INTELLECTUAL PROPERTY, INNOVATION, AND GROWTH: INTRODUCTION TO THE SPECIAL ISSUE

Publication Date01 Sep 2009
AuthorGuido Cozzi
DOIhttp://doi.org/10.1111/j.1467-9485.2009.00490.x
INTELLECTUAL PROPERTY,
INNOVATION, AND GROWTH:
INTRODUCTION TO THE SPECIAL ISSUE
Guido Cozzi
n
I Intro ductio n
This issue collects a group of original contributions that analyse different aspects
of the effect of intellectual property rights (IPR) on innovation and growth.
Recently, many scholars
1
have questioned whether the very existence of
intellectual protection – in the forms of patents and trade secret protection
2
is useful to induce innovation at the national and international level.
3
As the
reader will see from this volume, depending on the issue one analyses, the answer
can go either way. What we are learning is that there are not unambiguous
effects of IPR extensions on innovation and growth. Therefore, in the real world
applications of economic theory, judgement must be critically dependent on the
specific case we are dealing with. In this Issue, we will see how innovation can
proceed relatively well without intellectual property whatsoever, as Tetsugen
Haruyama’s and Michele Boldrin’s papers prove. We will also see – in Bronwyn
Hall’s analysis – how heterogeneous subject matters patents may cover, with
different implications on the correct incentives for innovators, also taking into
account that some innovation is publicly provided – as in Cozzi and Galli’s
model. Moreover, the international dimension may matter substantially, both
with asymmetric countries – Connolly, Peretto and Sa’s model – and with
symmetric countries – Luca Spinesi’s essay. All these papers are cast with the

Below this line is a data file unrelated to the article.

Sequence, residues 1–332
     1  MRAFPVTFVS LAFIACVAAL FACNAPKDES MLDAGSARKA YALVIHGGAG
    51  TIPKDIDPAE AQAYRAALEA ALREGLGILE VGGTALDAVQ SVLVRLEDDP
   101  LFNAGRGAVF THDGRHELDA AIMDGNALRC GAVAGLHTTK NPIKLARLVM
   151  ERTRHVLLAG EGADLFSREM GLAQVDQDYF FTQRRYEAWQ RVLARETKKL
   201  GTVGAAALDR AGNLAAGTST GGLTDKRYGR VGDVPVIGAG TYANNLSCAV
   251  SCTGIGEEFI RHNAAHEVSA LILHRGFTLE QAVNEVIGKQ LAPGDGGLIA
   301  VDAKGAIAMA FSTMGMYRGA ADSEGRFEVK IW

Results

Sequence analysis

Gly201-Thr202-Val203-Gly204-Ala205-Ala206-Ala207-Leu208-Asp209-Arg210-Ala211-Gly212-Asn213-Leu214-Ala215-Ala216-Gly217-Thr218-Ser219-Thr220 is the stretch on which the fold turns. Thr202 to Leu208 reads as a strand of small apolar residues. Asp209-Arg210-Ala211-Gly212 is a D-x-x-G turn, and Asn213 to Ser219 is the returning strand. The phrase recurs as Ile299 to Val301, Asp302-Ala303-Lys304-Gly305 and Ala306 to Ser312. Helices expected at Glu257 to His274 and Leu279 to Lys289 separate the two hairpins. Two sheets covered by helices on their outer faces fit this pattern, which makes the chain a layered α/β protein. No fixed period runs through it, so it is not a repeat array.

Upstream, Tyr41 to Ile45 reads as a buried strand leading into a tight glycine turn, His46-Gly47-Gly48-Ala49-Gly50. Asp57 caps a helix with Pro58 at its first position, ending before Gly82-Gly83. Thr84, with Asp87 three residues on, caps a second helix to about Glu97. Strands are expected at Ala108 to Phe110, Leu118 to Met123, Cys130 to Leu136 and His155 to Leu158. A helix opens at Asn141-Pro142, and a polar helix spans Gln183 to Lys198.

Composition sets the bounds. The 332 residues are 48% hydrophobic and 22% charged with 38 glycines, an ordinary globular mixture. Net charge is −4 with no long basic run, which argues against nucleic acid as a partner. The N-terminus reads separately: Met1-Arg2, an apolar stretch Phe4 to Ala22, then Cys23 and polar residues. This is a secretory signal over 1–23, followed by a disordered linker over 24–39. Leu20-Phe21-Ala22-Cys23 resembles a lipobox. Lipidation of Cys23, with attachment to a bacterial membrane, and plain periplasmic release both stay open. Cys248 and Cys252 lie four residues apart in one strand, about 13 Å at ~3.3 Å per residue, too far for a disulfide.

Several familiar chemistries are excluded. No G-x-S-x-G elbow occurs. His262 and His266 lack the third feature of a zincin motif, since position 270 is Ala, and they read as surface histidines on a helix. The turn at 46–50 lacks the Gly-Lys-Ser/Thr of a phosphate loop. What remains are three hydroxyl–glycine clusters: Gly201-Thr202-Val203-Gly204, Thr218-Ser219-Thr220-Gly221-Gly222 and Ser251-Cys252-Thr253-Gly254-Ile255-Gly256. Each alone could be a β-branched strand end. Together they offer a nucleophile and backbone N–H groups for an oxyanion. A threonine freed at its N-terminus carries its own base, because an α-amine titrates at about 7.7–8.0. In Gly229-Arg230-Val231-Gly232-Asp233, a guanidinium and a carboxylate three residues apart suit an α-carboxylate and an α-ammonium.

whole economy in mind, and explicitly consider implications and feedbacks that
go beyond a single sector, industry or decision-maker. In the next sections,
I briefly summarize and discuss the contributions in this issue of the Scottish
Journal of Political Economy on Intellectual Property, Innovation, and Growth.
II Innovationan d Growth WithoutIPR
Can profit seeking firms undertake enough innovative activities even in the
absence of patents or trade secret protection? The authors of the works
summarized in this section prove that this is possible.
n
Department of Economics, University of Glasgow, Glasgow, UK.
1
See e.g. Boldrin and Levine (2002a), Lerner and Tirole (2005), Maurer and Scotchmer
(2006), Bessen and Maskin (2006).
2
See Cozzi (2001) for the positive effects of trade secrets protection on product quality
improving R&D-driven growth. The effects of trade secret laws on growth become more
controversial if we take into account the interactions between the creation of new varieties and
the increase in product quality, as shown by Cozzi and Spinesi (2006).
3
See, e.g., Helpman (1993).
Scottish Journal of Political Economy, Vol. 56, No. 4, September 2009
r2009 The Author
Journal compilation r2009 Scottish Economic Society. Published by Blackwell Publishing Ltd,
9600 Garsington Road, Oxford, OX4 2DQ, UK and 350 Main St, Malden, MA, 02148, USA
383

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